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Moravia Reaches US$100 Million in Revenue – and Changes Ownership
Posted by Donald A. DePalma on February 16, 2015  in the following blogs: Market Data, Translation and Localization, Business Globalization
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Moravia, #15 on CSA Research’s list of the world’s largest language service and technology companies, told us last week that it booked US$100 million revenue for 2014. That’s a big leap from the US$67.7 million that the company earned in 2013, part of which CEO Tomas Kratochvil in a briefing last week largely attributed to increasing its number of large, long-term, single-supplier contracts. Besides joining the very small club of LSPs that has reached the 100-million-dollar milestone, Moravia stands out in that it did so organically – that is, by growing its own sales rather than buying other companies. 

More noteworthy on our call was the introduction of Jon Haas as Moravia’s newest board member. Haas is a Managing Director at Clarion Capital Partners, a New York-based private equity group (PEG). He told CSA Research that Clarion purchased the majority stake in Moravia by buying most of the shares of the company’s long-time owner, Katerina Janku (daughter of the founders Eva and Rudolf Forstinger) and all the shares of the minority holders. She will join Haas on Moravia’s board of directors, with the goal of applying her decades of company and industry knowledge to continue to grow the company. Clarion would not disclose financial details. 

Of late, CSA Research has advised LSPs and tech vendors on mergers and acquisitions (M&A), and worked with PEG and venture capital (VC) firms to help them understand the language market and the opportunities. We talked with Haas about Clarion and its plans for Moravia.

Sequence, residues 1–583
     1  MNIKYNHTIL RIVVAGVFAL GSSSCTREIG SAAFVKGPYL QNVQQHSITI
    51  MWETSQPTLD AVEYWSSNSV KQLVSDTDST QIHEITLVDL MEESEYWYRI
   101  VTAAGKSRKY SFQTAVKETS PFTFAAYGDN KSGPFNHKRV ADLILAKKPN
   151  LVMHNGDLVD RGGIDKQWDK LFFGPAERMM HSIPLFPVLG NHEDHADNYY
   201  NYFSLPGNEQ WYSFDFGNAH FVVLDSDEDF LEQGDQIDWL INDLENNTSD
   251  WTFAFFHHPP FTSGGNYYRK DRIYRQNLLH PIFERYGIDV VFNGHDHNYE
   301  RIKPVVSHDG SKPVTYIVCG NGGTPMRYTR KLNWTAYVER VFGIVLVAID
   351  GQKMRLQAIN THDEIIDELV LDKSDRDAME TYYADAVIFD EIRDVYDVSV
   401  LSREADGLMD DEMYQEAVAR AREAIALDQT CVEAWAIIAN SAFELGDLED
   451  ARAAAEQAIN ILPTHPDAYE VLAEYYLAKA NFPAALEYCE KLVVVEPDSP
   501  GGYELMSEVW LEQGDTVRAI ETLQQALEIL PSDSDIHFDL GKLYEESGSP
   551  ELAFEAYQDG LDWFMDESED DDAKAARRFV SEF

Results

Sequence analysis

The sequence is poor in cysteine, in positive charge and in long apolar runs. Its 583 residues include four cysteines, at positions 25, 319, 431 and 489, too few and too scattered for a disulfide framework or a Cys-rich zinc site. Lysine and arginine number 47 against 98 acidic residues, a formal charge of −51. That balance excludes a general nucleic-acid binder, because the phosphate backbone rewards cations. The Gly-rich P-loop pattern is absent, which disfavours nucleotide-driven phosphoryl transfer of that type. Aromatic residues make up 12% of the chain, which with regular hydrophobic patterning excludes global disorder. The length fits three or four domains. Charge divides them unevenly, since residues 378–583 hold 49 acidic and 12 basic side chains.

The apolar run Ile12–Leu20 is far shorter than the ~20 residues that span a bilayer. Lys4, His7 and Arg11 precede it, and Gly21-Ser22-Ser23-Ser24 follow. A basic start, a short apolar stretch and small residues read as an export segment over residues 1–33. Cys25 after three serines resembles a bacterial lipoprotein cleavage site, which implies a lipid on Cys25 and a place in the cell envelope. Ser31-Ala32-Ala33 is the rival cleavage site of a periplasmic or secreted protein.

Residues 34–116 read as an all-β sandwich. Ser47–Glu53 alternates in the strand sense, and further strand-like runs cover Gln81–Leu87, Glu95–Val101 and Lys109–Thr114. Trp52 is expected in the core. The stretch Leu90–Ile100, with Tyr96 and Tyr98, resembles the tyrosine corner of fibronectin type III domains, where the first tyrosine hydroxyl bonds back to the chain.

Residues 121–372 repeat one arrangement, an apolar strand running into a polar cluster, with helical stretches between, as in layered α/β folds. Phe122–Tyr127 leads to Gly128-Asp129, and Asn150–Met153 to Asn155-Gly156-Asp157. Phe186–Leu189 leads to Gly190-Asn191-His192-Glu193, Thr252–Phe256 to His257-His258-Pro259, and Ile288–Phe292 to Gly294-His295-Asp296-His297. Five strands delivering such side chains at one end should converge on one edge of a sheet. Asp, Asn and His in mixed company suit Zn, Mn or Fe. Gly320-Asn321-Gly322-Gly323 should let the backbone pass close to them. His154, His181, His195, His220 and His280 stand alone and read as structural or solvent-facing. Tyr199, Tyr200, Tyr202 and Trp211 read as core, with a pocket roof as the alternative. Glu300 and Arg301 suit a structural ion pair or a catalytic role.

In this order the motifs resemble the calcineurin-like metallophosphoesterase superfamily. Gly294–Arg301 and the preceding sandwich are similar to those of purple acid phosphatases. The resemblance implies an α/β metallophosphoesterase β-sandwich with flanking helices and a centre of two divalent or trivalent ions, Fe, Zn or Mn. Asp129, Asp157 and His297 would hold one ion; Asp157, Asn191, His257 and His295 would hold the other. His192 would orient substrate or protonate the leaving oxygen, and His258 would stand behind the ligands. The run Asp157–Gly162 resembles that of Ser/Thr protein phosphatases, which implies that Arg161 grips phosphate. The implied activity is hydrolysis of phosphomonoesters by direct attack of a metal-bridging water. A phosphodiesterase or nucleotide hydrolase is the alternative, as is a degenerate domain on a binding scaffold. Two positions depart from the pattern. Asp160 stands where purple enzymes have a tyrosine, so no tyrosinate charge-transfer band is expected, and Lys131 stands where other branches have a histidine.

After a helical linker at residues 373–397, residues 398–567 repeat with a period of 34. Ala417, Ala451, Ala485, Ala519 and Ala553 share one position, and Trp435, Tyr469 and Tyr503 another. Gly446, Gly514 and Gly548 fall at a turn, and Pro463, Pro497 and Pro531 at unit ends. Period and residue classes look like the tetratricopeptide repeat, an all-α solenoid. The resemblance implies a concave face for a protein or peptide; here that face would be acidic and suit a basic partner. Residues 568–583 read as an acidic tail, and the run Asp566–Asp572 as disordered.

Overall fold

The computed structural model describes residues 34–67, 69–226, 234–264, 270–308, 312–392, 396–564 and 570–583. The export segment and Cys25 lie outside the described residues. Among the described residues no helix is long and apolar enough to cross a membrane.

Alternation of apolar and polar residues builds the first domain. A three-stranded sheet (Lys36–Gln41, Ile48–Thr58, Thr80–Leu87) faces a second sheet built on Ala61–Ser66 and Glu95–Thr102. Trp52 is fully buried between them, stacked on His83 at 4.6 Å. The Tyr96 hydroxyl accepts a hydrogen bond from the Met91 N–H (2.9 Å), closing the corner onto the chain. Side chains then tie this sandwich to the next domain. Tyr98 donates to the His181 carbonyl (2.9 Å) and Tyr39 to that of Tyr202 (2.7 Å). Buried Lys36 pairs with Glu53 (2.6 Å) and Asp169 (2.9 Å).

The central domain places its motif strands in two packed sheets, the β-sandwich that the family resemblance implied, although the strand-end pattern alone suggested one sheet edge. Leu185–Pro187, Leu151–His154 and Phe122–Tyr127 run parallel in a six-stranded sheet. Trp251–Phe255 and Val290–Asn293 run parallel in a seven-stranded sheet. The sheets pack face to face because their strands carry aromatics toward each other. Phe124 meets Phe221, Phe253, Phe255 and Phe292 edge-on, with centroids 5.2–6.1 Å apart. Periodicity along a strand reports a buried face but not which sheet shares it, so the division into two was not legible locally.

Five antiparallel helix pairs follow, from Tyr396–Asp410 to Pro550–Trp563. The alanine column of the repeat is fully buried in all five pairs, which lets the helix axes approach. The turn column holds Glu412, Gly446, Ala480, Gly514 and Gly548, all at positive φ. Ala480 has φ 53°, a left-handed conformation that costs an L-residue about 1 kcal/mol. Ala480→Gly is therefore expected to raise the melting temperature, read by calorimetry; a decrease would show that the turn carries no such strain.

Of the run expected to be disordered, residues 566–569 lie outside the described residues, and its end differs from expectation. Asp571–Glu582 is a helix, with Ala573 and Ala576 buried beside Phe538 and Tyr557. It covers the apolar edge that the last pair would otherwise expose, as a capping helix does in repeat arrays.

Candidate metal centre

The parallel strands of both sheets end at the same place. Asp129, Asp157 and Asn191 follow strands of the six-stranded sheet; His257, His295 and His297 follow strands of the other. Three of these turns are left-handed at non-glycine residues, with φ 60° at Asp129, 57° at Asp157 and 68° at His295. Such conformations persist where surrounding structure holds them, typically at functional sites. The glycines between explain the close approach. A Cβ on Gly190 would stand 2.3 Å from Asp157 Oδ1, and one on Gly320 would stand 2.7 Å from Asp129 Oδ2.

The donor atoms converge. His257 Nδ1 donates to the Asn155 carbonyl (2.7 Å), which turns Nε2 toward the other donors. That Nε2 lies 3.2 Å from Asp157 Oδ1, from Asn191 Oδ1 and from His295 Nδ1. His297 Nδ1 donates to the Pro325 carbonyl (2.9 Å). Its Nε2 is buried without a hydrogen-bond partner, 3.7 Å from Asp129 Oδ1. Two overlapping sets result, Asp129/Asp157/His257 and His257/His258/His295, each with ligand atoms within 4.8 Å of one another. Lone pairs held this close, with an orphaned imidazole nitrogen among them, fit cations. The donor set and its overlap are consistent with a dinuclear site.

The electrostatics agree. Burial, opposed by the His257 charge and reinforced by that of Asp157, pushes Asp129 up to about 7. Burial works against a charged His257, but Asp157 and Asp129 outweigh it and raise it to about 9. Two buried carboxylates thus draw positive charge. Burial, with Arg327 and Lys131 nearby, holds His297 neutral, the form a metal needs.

• Will Clarion change Moravia’s strategy? Other than Haas and two of his colleagues joining the board and offering assistance where needed, it will be business as usual. The strategy – and the Moravia executives driving it – will remain in place. So that they have a stake in the company, Moravia’s executives have also bought into the company at the same price per share as the new investors. 

  • Where does Moravia fit in Clarion’s strategy? Haas’ investment portfolio includes business service outsourcing firms. As if reading from CSA Research’s business globalization playbook, he observed that it doesn’t make sense for companies to have internal staff for translation and localization, and that this industry will grow in importance as enterprises turn to emerging markets to generate growth. He sees opportunities for Moravia to provide marketing services and technology outsourcing to its current high-tech localization clients and in other industries. 

  • Did Clarion consider any other LSPs? On its way to buying the company, Clarion considered other LSPs but chose Moravia for the fit with its client portfolio of business service companies, revenue growth, processes, technology, and domain expertise. Haas also told us that Clarion values Moravia’s continued ownership by Janku, a member of the founding family and entrepreneur, and her interest in staying involved.